I see this every day. People show up at Akimbo expecting lifetime access to secret videos, instead of the hard but useful work of engagement.

The alternative? Learning. Learning that embraces doing. The doing of speaking up, reviewing and be reviewed. The learning of relevant projects and peer engagement. Learning and doing together, at the same time, each producing the other.

If you want to learn marketing, do marketing. If you want to do marketing, it helps to learn marketing.

That same symmetric property applies to just about everything we care about.

To quote the ancient rockers, “We don’t need no… education.”

But we could probably benefit from some learning.

In the middle of all this doing, this constant doing, we might benefit from learning to do it better.

Marketing the Ranch

Marketing – The process of creating excitement about your product/service.
Sales – The process of actually selling your product/service.

Sales of the product on the Ranch – You have that figured out. Sales barns, video, and internet, they all get the job done very well with the largest number of potential buyers.

But – Marketing, that has been left up to the barns/video/internet sales facilitators. And how do they go about doing that. – The Sale Bill. The consignment list they post in publications and websites.

That’s IT!!!!!!

Why should you take an interest in “Marketing your Livestock”
Picture this – If there are 2 more bidders at the sale to BID on your livestock. 50,000 lbs at $1.10 = $55,000.
With 2 more bidders you could get say .05 +/- cents more?
50,000 lbs at $1.15 = $57,500.
$2500 More….

What can you do to “Market your Livestock”?
Website – $500 a year.
Print Media – $500 a year.
Social Media – $100 a year.

  • Take lots of pictures
  • Write down what you do.
  • Write down your genetics
  • Ad pictures to everything.

The more visual you are the more your pictures will sell your Calves.

Build upon the reputation that you already have.
By Investing $1.00 in your Marketing – You can get $2.00 back.

I can HELP – call 307.331.0357

8 traits for effectively leading the family ranch forward

Want your family business to succeed and transition to the next generation? It starts with being an effective leader.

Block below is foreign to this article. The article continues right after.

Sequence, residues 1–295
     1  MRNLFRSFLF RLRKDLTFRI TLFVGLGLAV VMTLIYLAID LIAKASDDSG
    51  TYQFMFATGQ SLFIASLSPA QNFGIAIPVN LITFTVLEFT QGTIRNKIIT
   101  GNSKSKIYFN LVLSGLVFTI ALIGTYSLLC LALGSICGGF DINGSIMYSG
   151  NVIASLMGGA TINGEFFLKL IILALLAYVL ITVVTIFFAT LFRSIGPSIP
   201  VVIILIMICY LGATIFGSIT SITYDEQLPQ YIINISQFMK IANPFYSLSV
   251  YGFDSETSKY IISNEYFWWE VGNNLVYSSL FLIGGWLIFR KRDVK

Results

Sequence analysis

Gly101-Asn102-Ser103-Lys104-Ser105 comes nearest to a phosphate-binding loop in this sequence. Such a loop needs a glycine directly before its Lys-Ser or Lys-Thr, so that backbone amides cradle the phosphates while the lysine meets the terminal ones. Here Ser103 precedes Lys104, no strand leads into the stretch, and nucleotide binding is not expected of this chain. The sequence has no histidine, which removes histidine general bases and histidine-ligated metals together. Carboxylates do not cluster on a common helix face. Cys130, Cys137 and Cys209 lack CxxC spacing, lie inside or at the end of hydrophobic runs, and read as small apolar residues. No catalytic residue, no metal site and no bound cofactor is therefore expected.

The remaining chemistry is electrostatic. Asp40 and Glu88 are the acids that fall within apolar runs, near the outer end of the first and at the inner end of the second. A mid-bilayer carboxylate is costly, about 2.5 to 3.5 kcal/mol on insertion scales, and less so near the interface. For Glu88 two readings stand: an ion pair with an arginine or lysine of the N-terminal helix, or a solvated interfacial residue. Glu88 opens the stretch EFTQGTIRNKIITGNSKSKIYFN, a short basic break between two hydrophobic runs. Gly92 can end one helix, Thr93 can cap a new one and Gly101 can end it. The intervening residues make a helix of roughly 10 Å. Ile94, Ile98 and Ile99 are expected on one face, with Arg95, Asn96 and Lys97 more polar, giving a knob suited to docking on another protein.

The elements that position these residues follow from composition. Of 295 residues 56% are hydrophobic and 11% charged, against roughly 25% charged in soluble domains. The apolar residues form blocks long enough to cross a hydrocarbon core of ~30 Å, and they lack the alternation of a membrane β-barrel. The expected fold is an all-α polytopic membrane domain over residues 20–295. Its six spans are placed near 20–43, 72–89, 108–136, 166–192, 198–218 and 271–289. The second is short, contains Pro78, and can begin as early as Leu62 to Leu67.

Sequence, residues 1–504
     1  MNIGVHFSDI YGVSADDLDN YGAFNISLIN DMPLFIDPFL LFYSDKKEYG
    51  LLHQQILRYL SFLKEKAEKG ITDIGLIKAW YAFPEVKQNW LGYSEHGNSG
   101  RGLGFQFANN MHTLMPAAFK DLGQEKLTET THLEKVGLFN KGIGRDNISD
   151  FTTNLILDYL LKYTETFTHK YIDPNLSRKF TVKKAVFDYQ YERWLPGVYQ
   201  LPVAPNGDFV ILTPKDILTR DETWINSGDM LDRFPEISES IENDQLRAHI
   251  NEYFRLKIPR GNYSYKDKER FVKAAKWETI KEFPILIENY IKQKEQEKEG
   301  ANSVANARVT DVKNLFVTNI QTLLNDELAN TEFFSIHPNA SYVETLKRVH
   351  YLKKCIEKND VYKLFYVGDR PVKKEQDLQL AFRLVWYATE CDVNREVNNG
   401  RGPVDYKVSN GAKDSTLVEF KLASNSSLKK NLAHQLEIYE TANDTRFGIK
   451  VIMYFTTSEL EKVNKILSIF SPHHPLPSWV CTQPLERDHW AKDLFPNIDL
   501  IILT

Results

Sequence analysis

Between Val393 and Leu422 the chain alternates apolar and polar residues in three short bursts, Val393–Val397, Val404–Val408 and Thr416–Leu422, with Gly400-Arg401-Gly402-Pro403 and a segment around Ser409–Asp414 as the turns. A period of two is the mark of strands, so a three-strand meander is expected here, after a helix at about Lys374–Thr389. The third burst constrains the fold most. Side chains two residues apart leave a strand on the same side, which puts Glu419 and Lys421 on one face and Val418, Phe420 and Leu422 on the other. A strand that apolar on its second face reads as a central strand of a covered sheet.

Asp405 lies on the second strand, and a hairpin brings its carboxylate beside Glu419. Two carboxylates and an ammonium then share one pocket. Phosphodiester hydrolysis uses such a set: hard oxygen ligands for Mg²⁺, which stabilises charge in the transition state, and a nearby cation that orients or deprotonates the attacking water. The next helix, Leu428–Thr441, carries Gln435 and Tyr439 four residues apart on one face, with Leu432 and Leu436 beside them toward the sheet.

Amanda Radke | Mar 27, 2019

I received a phone call from a college student yesterday. He was a freshman studying animal science and had been assigned the task of interviewing beef industry leaders to learn about their careers and to gain advice and insights for their own futures in agriculture.

I took the call while driving to a FFA fundraiser where I was speaking, and he asked me a wide variety of questions. What would you do differently in your college years? What advice would you give to a college student wanting to be involved in the industry? Who do you look up to in agriculture? What motivates you in your career? Why is it so difficult to bridge the gap between consumers and producers?

Honestly, the conversation spurred many ideas for future blog posts.

However, one question in particular got me thinking during my road trip. He asked me, “What challenges do you face on your family ranch?”
Admittedly, I had a hard time answering at first. Our problems seem so “common,” and I wasn’t sure which one to pinpoint as a challenge worth noting. Do we communicate well? Is our transition plan solid? Does our multi-generational business operate as smoothly as it could? Is there room for improvement?

I decided to go the route of transition planning. Depending on the day, my dad will say he’s retiring in one year or 15 years. To me, that uncertainty is one of the biggest challenges my husband and I will face in the upcoming years.

We certainly don’t want to “push” him out before he’s ready. On the contrary, I could use a little more time to get my own affairs in order, so I feel confident and financially secure to purchase assets as he transitions into retirement.

It’s just the unknowing. How soon will we need to be ready? What will a purchase agreement look like? How much can we take on?

In thinking about those variables, I noticed I was placing the burden squarely on my folks to figure everything out. That’s when I realized that I hadn’t necessarily expressed these concerns or vocalized how much or how little we were willing to take on, should my parents decide they are ready to retire.

So I made a goal for myself — to schedule a meeting for all of us this summer. The discussion of this family business meeting wouldn’t necessarily be on the “when,” but on the “hows,” so when the time comes to transition the operation into new leaders — whether that’s six months or six years from now — we’ll know what the plan is and how it will be executed.

I’m sure it will take more than one discussion, but we’ve got to start somewhere, and it needs to start with me. By being transparent in my own goals and plans and by being willing to communicate and walk through all scenarios and potential pitfalls, I hope it will be a seamless transition that leaves the business intact and the family harmonious.

I recently read an article that addresses what it takes to be an effective leader in the family business. Written by Steve Moyer for SKM Associates, the article recaps management guru Peter Drucker’s list of traits that make for a great executive in the business. Although it was written from the perspective of what it takes to be a good executor of an estate, I think it applies whether you’re a Millennial or Boomer producer working with another generation in a family business.